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Quant: Not just a numbers game


Being a quantitative researcher isn’t just about graphs and numbers. True, you will see a lot of these along the way, but in the same way that qualitative research requires more than reading transcripts and listening to verbatim, your focus will ultimately be that of any researcher – to tell the story within your data, relate it back to your client’s objectives and understand what it means in relation to their strategy.

What is specific to quantitative research, however, is the methodological approach to gathering the data. By definition, the approach depends on data being quantified, and so methodologies are based around closed question structures – the mainstay of the classic questionnaire!

Now, I know what you might be thinking… ‘lengthy questions… lists and lists of options… matrix grids… Likert scales…’ And you would be right. But before the image of that man brandishing a clipboard takes hold, it’s important to recognise that quantitative research goes beyond ticking boxes.

"Before working in quant, I assumed you needed to be a mathematician to do it. But actually, numbers aren’t the half of it. To be a good at it you will be equally reliant on your understanding of human psychology and the power of your storytelling"
 Alex Jones, Illuminas

In fact, quantitative research is as much about respondent psychology as it is about making sure you are asking the right questions. A good questionnaire makes it easy for respondents to provide answers, but a better one engages with them and encourages them to really think about what they are saying to us – a little detail can go a long way to achieving that.

At the same time, it’s also essential to maintain a holistic view of the overall study because your questions are not just tools for collecting information but also the template for your final analysis. For example, if you know you will need to produce a ranking of preference as part of your story, you need to have the foresight to structure your questions to accommodate the appropriate statistical tests.

Beyond designing the perfect questionnaire, actually getting it in front of respondents provides its own (daily) challenges. Traditionally, face-to-face and telephone (CATI) interviewing have tended to be the industry staple in this regard and liaising with teams of field interviewers over a series of days and weeks throughout projects was common. Today however, the accessibility, speed and capabilities of online and mobile approaches means you’re more likely to be discussing the functionality of a digital questionnaire with the computer programmers as techniques become evermore interactive.

Some agencies specialise in a particular methodology, but at Illuminas the approach is designed around the needs of our clients on a project-by-project basis. This means I have been exposed to a range of quant studies, from finding out the answer to literally one question as part of an omnibus (e.g. “Do you know who this is?”), through measuring customer satisfaction on tracking studies and on to identifying the market for new products in customer segmentation pieces.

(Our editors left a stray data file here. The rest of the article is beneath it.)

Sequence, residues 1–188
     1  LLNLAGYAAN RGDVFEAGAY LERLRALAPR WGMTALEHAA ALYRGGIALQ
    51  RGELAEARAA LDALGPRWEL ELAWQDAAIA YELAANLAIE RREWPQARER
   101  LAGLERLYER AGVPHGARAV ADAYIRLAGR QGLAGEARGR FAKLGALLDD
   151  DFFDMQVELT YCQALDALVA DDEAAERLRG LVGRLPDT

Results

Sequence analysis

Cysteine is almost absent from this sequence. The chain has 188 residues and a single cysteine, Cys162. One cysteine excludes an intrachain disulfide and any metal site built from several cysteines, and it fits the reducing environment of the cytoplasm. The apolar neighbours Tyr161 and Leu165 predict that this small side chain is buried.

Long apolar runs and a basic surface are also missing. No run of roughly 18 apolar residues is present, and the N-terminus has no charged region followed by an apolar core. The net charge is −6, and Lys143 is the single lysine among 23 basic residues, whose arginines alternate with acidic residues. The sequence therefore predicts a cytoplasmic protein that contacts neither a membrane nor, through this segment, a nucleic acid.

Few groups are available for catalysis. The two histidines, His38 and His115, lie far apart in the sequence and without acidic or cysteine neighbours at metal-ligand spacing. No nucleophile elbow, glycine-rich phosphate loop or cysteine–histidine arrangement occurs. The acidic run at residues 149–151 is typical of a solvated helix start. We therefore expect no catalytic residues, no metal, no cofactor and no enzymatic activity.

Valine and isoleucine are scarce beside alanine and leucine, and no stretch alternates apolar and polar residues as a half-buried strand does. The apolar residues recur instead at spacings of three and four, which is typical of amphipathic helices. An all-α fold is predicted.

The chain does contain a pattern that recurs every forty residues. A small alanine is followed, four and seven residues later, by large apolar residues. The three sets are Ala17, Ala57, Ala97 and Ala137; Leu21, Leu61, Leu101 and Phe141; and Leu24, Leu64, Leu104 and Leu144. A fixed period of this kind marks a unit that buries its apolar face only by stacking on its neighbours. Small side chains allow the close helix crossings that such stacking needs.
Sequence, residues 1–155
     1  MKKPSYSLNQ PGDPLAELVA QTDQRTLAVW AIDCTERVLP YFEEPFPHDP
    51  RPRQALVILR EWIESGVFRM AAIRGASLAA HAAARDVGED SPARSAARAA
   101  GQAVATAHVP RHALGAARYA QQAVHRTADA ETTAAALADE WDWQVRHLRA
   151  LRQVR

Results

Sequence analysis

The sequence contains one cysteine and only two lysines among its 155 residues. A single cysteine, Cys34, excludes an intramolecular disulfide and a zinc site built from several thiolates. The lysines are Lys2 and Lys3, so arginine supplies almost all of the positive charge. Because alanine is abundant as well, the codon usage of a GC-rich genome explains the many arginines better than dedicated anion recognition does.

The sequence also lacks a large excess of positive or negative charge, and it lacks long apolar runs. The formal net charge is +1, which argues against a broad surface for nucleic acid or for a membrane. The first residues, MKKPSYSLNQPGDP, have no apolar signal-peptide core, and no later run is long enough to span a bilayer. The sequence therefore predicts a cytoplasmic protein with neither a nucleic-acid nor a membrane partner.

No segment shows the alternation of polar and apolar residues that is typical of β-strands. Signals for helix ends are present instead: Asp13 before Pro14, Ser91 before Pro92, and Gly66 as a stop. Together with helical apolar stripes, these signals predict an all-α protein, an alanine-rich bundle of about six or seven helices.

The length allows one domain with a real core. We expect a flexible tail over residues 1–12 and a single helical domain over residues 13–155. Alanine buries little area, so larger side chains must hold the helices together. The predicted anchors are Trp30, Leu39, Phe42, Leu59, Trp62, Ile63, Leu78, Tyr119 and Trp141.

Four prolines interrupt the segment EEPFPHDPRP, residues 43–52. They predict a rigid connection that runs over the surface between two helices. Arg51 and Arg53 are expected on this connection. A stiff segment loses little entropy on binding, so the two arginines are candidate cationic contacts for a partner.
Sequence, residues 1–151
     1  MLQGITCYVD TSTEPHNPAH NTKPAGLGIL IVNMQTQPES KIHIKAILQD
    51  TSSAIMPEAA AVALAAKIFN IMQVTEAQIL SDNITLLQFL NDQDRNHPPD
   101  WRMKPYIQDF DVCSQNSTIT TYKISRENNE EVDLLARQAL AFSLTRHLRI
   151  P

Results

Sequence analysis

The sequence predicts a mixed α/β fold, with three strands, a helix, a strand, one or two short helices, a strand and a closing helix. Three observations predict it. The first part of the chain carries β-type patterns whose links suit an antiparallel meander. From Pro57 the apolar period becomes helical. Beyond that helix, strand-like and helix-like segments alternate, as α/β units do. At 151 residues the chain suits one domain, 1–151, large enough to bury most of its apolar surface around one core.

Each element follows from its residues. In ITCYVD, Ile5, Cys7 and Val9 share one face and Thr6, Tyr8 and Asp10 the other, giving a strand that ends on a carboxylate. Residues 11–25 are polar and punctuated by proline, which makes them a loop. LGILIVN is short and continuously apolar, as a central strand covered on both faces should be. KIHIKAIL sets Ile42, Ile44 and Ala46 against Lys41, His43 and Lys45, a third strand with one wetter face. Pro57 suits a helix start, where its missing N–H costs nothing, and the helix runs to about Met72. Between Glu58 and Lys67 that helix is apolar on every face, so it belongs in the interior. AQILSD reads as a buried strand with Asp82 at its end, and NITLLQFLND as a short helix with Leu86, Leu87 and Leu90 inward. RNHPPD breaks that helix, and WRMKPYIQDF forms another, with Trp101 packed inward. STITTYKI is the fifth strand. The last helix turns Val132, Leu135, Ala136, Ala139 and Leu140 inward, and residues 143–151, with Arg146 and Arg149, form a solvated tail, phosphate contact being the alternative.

But regardless of approach, effective communication skills are essential. Firstly, whether you’re a Research Exec or a Research Manager, you will usually be working as part of a team. Then add client-side researchers, end-clients, suppliers and even other research agencies into the mix and you will soon realise the value clear communication has in producing a smooth and successful project.

One of the things I find most exciting about working with quantitative methodologies is their capacity to be scalable in both remit and reach. For example, a relatively simple online methodology could be used to identify what 25–30 year old males think about the look of a new car. The same methodology could also be used to find out about how it compares to an older model of the car, what the optimum pricing points are, and what impact its advertising campaign could have. And at relatively little expense, it would be possible to get a truly international perspective on all things motoring – be it Accrington or Australia!

And so when it comes to eventually looking at the numbers (see, we’re only just getting to the numbers!), your job won’t be to report everything in bar charts and line graphs but to reduce the volume of data into a comprehendible and engaging story. Complex statistical techniques and graphs can certainly play their part but whether it’s regression analysis or significance testing, a correspondence map or simple pie chart, it will be your job to translate what each means and use it to build your overall narrative.

Having worked in both qualitative and quantitative research I have been able to appreciate the skill in both disciplines. Before working in quant, I assumed you needed to be a mathematician to do it. But actually, numbers aren’t the half of it. To be good at it you will be equally reliant on your understanding of human psychology and the power of your storytelling.

Now, on a scale of 1–10, how much does that surprise you?

Article provided by Alex Jones, Illuminas

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February 2018

Questionnaire Design07.02.18 | MRS, London EC1V 0JR

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Data Privacy in Research08.02.18 | MRS, London EC1V 0JR

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Statistical Methods Masterclass20.02.18 | MRS, London EC1V 0JR

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